Under Helgerson's leadership, the IG's office at the CIA conducted a series of reviews and investigations of the program, culminating in the production, in 2004, of at least one in-depth report. This document remains highly classified. But it was provided some time ago to congressional oversight committees, according to two government officials, who, like others cited in this story, asked for anonymity when discussing sensitive matters.
At some point between 2002 and 2005, one or more representatives of the IG's office travelled to the secret location overseas where the videotapes of the CIA's interrogations of Abu Zubaida and Abd al-Rahman al-Nashiri were stored and watched them, according to a former government official with direct knowledge of the matter. This source said that following the review, the IG's office issued a written "certification" that the tapes demonstrated that CIA officials had fully complied with post-9/11 Justice Department guidelines on the handling and questioning of high-level Al Qaeda detainees.
The CIA declined to confirm or comment on the existence of such a document. However, an intelligence official acknowledged that the Inspector General's office was aware of the tapes and did examine them. The official said that the IG's office was not party to the decision--made by Rodriguez--to destroy the tapes. By the same token, the official said, at the time the Clandestine Service decided to destroy the tapes, the IG's office did not regard them as relevant to any ongoing investigation that it was conducting. The IG's office also viewed the question of what to do with the tapes -- whether or not they could be destroyed -- as a matter for the agency's management, the official said. That view-that the tapes lacked relevance to inquiries under way at the time--was taken into consideration when Clandestine Service officials made their decision to destroy the tapes, the official said.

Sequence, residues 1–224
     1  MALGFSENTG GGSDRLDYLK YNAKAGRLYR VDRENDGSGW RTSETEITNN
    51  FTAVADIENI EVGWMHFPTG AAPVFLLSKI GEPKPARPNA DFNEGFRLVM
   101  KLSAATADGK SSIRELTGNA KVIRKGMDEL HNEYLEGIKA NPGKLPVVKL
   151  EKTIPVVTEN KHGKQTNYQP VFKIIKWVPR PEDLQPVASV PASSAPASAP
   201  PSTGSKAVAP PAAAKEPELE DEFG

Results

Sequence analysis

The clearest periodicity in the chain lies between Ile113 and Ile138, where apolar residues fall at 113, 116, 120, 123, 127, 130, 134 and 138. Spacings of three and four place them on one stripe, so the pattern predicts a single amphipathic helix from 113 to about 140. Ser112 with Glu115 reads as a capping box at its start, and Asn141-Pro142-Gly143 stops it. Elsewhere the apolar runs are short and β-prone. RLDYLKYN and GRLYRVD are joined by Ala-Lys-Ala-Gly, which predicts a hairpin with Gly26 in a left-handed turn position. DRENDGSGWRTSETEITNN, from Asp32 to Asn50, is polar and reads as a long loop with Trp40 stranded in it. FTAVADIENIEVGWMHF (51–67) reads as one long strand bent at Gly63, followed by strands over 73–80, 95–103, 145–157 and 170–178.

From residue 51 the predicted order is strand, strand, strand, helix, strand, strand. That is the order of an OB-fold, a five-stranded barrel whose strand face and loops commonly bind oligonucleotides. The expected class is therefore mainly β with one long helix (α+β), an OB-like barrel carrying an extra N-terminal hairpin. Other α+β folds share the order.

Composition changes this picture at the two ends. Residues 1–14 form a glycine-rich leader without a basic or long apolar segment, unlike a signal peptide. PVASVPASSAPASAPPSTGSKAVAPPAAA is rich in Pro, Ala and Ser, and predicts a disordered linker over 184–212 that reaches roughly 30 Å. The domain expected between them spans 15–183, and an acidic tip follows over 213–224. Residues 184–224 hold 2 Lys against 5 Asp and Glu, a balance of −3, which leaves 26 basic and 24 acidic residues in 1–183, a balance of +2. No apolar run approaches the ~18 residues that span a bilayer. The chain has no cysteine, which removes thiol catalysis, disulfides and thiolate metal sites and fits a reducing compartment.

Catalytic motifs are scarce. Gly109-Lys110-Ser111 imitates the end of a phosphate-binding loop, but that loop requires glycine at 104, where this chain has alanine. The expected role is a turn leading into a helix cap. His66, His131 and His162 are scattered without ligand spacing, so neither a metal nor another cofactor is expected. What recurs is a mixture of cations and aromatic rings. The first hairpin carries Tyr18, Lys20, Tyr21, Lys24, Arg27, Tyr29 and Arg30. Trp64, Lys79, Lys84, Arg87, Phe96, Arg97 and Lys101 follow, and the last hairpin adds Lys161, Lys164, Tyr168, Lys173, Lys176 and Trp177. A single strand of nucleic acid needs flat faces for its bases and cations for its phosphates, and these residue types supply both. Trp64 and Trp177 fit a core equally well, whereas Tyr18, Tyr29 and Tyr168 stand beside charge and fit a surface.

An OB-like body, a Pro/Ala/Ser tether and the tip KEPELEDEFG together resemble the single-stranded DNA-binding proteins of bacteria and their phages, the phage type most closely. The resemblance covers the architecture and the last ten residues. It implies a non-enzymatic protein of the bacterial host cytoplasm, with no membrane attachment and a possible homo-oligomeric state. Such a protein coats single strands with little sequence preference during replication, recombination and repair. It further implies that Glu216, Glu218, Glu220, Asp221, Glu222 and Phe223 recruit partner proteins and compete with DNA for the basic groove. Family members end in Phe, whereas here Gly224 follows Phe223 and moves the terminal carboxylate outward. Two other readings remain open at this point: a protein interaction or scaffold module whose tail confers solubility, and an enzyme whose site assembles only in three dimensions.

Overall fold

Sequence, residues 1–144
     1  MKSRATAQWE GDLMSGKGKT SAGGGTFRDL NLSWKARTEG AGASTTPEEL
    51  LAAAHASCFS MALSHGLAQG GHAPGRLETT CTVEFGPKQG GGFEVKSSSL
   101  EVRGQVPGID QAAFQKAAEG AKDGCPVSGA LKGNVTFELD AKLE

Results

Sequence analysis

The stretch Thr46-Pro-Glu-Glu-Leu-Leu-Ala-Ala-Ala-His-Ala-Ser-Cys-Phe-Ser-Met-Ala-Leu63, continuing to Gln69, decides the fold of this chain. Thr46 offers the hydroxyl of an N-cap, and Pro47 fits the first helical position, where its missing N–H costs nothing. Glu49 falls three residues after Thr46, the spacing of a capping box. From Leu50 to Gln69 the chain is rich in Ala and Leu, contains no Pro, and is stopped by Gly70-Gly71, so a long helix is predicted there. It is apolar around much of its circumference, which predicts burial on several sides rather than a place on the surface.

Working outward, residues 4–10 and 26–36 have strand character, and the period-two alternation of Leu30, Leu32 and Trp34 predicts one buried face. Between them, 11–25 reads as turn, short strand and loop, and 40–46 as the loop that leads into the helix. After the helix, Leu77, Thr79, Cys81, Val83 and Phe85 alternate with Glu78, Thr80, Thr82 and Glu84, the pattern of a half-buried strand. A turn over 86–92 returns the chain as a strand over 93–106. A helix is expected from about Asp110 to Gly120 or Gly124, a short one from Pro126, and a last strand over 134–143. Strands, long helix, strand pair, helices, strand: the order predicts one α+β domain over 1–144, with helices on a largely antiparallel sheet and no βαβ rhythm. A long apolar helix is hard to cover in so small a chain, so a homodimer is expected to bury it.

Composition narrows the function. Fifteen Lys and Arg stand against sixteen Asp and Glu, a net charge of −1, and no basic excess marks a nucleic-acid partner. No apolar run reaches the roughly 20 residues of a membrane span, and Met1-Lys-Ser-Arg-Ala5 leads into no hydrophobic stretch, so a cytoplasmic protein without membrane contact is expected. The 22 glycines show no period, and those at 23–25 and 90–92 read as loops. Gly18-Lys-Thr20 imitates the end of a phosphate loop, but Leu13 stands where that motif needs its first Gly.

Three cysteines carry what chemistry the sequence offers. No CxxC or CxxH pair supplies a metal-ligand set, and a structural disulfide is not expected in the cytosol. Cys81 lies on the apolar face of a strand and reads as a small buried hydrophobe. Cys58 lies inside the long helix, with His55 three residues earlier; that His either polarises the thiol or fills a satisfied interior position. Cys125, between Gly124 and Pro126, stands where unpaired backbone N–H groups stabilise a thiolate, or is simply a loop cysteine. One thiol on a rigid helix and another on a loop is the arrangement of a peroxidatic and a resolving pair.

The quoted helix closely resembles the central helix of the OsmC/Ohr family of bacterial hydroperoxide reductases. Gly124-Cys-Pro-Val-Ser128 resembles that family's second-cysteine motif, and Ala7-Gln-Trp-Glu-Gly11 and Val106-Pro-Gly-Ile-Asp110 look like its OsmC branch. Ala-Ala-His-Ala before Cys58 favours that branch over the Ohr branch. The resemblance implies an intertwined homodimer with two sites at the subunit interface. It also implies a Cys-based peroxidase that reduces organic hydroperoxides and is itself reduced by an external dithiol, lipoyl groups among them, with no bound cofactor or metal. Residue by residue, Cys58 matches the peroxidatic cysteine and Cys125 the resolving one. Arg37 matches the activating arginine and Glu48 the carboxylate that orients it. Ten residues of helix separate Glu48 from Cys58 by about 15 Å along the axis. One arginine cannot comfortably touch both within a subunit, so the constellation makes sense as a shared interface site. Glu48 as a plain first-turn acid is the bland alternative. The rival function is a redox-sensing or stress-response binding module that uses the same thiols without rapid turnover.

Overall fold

The tapes' destruction is now the focus of multiple investigations--including a joint probe by the CIA IG and the Justice Department into whether any laws, such as obstruction of justice statutes, were violated when the tapes were destroyed. Against that backdrop, Helgerson's office has taken measures to exclude from its current investigation any IG personnel, apart from Helgerson himself, who were involved in any earlier dealing with any issue related to the tapes, according to a government official familiar with the situation.